The trade heard around the NHL—or at least in the city of Montreal—this past summer was a "surprise" move by Pierre Gauthier, sending playoff hero Jaroslav Halak to the St. Louis Blues in exchange for Lars Eller and Ian Schultz.
The trade was only surprising because fans had fallen in love with the soft-spoken Slovak goaltender during the spring of 2010. As such, most were up in arms that Gauthier dare trade Halak in favour of Carey Price.
If we back up a bit, before Halak had risen to the height of playoff goaltending miracle maker, we have to travel back to the 2003 NHL entry draft to see where this story started.
With the 10th pick in the ninth round of the 2003 draft, the Montreal Canadiens selected Jaroslav Halak. Now, ninth overall picks are generally looked at as depth players within any organization. Players, generally speaking, that will never reach the NHL but who populate the ranks of the minor leagues and AHL affiliates.
But Habs' head of amateur scouting, Trevor Timmins, saw something more in Halak.
He saw a player who in his estimation, if left undrafted for another year would likely have gone as high as the second or third round the following season. So, as he did with goaltender Petteri Similia in the 2009 draft, Timmins snagged a played that he felt could be a gamer in a classic low-risk play, high reward play.
Halak proceeded to become the best goaltender in the AHL, by his third season in Hamilton, earning a call up to the NHL in February 2007. He battled then-starter, Cristobal Huet, for the staring job and actually carried the play for Montreal when Huet was on the shelf due to injury, getting them within striking distance of the playoffs.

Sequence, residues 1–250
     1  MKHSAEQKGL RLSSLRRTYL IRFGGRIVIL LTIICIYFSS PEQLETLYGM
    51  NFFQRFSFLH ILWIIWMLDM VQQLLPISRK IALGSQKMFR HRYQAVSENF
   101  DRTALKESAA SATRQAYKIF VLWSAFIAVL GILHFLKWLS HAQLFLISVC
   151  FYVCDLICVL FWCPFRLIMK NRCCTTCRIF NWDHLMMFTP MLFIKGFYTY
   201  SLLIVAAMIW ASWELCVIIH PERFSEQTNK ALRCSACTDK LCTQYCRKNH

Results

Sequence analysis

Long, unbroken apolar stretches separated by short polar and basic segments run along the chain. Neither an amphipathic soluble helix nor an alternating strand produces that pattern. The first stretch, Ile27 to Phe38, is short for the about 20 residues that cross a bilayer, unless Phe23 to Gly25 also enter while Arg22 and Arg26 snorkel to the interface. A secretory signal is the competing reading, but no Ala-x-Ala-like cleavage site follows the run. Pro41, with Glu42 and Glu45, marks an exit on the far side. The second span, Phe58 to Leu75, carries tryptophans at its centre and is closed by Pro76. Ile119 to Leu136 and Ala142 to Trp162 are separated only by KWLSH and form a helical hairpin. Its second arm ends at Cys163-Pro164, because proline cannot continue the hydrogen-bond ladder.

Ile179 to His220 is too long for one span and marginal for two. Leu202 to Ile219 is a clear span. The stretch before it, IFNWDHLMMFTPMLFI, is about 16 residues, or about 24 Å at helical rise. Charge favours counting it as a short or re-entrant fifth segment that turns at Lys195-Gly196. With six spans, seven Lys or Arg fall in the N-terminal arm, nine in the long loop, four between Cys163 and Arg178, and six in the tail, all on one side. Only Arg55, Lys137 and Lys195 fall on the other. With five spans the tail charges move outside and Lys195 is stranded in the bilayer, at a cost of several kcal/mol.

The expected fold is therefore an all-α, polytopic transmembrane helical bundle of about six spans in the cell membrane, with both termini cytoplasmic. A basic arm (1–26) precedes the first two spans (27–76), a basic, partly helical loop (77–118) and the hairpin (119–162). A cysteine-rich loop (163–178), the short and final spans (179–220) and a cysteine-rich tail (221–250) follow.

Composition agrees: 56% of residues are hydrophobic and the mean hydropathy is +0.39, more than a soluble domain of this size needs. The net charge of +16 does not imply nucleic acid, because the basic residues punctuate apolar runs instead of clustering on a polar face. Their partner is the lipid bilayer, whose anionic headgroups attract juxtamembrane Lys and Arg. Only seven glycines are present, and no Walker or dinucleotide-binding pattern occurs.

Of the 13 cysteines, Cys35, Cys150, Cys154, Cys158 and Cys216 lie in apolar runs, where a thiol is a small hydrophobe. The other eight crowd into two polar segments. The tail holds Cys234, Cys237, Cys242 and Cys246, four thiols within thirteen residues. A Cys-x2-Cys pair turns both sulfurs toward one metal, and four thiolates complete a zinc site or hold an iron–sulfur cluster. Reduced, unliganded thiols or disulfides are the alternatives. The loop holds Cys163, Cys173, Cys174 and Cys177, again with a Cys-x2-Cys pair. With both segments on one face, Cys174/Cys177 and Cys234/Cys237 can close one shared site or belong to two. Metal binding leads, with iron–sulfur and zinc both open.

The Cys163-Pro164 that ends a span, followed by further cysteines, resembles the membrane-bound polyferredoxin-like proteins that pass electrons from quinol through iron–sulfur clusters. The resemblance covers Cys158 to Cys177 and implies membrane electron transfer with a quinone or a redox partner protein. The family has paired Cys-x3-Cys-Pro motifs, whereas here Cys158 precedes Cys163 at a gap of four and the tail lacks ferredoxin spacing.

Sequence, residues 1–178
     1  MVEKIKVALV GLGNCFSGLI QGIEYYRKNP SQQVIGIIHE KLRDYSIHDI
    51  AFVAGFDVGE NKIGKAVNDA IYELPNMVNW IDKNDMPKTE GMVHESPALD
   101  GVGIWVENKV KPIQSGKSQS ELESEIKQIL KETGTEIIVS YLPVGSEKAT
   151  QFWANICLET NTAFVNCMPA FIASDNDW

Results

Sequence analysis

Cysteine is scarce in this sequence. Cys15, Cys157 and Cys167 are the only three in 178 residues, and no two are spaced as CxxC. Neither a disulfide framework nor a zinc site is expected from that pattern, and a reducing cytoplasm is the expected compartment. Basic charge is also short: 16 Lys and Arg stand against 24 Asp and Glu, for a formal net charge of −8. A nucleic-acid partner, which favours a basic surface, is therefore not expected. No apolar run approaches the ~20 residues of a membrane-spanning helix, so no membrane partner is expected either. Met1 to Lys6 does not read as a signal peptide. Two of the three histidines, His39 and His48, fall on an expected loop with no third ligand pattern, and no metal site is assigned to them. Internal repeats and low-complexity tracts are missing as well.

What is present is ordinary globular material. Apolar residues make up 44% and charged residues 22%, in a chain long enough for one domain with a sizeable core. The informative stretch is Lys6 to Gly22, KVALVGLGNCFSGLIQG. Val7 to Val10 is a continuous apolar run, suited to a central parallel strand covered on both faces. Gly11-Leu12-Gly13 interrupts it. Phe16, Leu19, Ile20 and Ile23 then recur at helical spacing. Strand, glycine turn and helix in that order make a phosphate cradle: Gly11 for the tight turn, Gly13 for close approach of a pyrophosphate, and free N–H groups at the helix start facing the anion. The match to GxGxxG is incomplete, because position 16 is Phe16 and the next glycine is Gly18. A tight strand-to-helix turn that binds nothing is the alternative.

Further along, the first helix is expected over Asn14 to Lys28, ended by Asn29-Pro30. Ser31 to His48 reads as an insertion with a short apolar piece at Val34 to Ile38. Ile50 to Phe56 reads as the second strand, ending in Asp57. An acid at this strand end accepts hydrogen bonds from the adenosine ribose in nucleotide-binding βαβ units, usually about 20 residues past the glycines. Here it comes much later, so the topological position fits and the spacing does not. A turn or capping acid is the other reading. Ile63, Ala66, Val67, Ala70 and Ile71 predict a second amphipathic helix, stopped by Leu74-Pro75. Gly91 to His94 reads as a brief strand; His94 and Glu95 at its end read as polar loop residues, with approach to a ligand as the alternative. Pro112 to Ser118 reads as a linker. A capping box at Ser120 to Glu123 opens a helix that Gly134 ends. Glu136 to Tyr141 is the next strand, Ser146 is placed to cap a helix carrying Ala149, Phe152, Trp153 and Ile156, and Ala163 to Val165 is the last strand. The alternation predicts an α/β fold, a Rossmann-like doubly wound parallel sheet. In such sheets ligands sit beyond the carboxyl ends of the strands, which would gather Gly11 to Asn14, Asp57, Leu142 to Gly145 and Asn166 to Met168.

It was in the final game of the season, with Huet back in the net, the Canadiens succumbed to the Leafs and missed the playoffs, setting off a summer of teeth gnashing by Habs' fans.
At the same time that all of this was going on, Carey Price—drafted fifth overall by Montreal in the 2005 NHL entry draft—was busy winning a World Junior Hockey gold medal and being named tournament MVP. After his stunning performance at the WJC's, Price proceeded to carry the Habs' AHL affiliate Hamilton Bulldogs to a championship while again being named tournament MVP.
So when the 2008 season started, despite Halak's strong play in the minors, he was pushed aside in place of Price. Carey proceeded to outplay his counterpart, Huet, to the point where then-GM, Bob Gainey, traded him out of town, giving the reigns to Price and making Halak his backup.
Price had an up and down playoff, in which the Habs were ultimately bounced by the Flyers, before continuing with an up and down season the following year. That year—the 2009-2010 NHL season—Price was the first string incumbent and Halak was supposed to play backup in a classic platoon system where each goaltender would push the other.
The problem is that both young goaltenders rightfully felt that they had what it took to be the uncontested starter, and things started looking a little uncomfortable in the Habs' crease as a result.
Unfortunately for Price, despite being given ample opportunity to grab the ball and run with it, he was unable to establish himself, eventually losing the starter’s position to Halak.
As the tide turned and Halak continued to put in outstanding starts, the voices of the Price-detractors became louder and louder. This continued throughout the playoffs last spring, while Halak was routinely putting in 40-plus save nights to get the Habs past the Capitals and Pens, but ultimately falling to the Flyers in the Eastern Conference Finals.